4. Disaster Risk Management and Measurement Indicators for Cultural Heritage in Taiwan

    NASA Astrophysics Data System (ADS)

    Yen, Y. N.; Cheng, C. F.; Cheng, H. M.

    2015-08-01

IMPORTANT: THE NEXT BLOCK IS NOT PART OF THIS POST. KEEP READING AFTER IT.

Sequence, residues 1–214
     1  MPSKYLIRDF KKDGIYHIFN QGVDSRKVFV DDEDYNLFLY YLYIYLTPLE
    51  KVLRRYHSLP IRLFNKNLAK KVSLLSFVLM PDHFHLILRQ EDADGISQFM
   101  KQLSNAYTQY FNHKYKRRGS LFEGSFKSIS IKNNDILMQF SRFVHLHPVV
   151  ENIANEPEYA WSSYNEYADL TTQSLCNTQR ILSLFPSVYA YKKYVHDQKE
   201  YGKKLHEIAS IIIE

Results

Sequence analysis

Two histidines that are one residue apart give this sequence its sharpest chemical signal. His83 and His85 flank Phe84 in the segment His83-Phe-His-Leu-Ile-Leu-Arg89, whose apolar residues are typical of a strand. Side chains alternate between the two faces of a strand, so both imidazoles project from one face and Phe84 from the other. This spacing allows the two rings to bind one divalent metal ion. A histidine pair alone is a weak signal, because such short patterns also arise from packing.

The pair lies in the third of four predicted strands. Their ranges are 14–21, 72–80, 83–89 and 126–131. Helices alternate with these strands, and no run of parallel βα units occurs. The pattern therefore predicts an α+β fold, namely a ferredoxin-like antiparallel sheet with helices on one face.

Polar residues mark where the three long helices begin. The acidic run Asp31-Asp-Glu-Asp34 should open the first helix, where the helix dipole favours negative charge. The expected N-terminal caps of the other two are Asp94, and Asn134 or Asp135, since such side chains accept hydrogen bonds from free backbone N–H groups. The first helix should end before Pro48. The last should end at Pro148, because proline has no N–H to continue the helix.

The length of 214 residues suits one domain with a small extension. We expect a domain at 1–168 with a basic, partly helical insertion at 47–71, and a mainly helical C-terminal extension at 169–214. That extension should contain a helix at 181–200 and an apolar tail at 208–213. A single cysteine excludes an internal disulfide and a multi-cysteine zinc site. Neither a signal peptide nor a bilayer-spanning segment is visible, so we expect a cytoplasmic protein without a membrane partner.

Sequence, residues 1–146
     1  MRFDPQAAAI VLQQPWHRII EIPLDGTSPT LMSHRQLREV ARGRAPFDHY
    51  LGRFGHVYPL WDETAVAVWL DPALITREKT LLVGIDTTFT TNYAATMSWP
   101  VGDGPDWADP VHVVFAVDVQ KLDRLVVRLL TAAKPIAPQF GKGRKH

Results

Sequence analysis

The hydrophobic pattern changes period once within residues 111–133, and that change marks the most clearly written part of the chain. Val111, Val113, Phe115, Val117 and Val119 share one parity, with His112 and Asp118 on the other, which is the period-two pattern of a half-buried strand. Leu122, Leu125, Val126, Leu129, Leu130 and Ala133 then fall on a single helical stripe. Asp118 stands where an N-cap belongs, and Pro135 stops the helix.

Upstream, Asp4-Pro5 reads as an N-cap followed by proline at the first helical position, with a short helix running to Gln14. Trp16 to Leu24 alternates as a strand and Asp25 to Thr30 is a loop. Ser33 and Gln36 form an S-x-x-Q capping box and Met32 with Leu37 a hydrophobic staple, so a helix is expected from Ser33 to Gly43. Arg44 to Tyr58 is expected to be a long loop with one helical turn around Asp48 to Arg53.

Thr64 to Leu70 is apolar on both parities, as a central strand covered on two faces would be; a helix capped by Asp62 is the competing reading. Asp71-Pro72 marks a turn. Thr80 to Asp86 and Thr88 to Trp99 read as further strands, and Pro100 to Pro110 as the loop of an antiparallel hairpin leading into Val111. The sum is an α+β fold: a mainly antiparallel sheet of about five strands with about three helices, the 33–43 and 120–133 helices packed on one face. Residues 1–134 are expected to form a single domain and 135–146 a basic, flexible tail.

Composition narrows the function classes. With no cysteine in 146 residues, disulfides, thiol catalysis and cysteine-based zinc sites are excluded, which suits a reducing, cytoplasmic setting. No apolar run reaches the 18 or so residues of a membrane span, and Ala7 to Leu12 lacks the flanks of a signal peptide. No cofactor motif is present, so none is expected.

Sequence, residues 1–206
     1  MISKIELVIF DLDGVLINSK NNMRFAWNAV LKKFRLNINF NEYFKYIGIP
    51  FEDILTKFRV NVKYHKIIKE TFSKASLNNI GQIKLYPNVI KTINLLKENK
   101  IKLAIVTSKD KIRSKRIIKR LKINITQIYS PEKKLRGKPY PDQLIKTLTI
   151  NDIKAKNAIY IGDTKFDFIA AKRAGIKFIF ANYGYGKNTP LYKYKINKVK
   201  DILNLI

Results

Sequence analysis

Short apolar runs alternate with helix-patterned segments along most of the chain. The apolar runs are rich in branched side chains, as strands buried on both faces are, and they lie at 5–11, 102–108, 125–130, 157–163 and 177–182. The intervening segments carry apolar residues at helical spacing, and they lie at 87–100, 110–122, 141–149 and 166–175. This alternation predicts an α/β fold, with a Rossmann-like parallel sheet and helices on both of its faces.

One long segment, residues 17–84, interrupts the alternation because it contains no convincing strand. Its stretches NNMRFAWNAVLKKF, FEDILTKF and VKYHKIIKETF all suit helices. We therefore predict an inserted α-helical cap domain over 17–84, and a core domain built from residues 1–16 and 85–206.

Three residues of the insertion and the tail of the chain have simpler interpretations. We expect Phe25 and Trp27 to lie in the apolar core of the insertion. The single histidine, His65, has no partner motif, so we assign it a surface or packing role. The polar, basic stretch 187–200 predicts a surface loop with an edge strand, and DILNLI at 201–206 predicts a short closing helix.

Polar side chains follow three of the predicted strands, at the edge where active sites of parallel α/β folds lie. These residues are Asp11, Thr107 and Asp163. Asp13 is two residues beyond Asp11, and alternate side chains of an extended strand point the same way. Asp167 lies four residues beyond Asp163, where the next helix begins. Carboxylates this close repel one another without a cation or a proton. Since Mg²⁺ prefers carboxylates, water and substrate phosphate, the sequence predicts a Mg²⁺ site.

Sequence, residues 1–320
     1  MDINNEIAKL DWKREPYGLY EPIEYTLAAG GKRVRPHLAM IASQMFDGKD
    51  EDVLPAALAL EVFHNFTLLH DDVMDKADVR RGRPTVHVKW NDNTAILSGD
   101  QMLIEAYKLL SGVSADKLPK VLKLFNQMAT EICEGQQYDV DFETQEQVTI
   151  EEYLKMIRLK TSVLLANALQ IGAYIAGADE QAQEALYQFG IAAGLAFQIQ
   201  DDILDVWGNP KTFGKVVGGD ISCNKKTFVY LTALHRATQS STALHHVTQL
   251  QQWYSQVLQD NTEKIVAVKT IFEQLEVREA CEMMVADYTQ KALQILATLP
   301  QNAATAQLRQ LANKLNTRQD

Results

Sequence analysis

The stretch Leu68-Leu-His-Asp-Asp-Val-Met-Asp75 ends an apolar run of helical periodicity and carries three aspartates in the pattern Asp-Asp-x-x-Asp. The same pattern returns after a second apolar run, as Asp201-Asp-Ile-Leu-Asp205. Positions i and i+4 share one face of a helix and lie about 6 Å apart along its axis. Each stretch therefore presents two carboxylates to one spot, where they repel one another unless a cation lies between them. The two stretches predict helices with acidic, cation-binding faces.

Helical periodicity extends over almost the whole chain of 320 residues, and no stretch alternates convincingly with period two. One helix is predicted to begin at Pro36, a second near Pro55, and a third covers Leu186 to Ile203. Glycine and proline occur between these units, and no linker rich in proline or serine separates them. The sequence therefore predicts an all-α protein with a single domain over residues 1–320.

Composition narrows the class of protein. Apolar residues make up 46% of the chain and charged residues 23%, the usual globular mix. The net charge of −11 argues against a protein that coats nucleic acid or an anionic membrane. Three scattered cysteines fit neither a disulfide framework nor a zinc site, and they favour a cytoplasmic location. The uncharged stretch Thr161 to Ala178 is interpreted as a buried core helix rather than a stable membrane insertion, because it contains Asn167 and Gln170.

Under the influence of global climate change, the risk preparedness has become a universal issue in different research fields. In the conservation of cultural heritage, disaster risk management is becoming one of the major research topics. Besides researches on the theory and mechanism of disaster risk management, the tools for the performance of site managers to protect cultural heritage is another important issue that needs development. UNESCO and ICOMOS have released some important documents on disaster risk management including its concept, identification, evaluation, mitigation, monitoring and resilience, etc. However, there is a big gap between concept and implementation in Taiwan. Presently there are 2000 monuments in Taiwan that hardly meet the modern code. First, based on international documents released, this research presents 13 disaster indicators on monuments and their environments. Next, 345 monuments in northern Taiwan are taken as examples to evaluate their risk situations with indicators designed in 2011. Some positive recommendations were given at the same time. As a result, a comparative evaluation was completed in 2012 and some key issues are found, such as too many electrical facilities, lack of efficient firefighting equipment, and a shortage of management mechanism, just to name a few. Through the improvement of the management, some major risk can be mitigated. In 2013~14, this research took 23 national monuments from the 345 monuments to evaluate their risk situations and compare the differences between national and local monuments. Results show that almost all management mechanisms in the national monuments have been established and are running well. However, problems like inappropriate electrical facilities and insufficient monitoring equipment remain. In addition, the performance of private monuments is not as good as public ones. Based on the collected information and evaluation, this research develops safety measures of heritage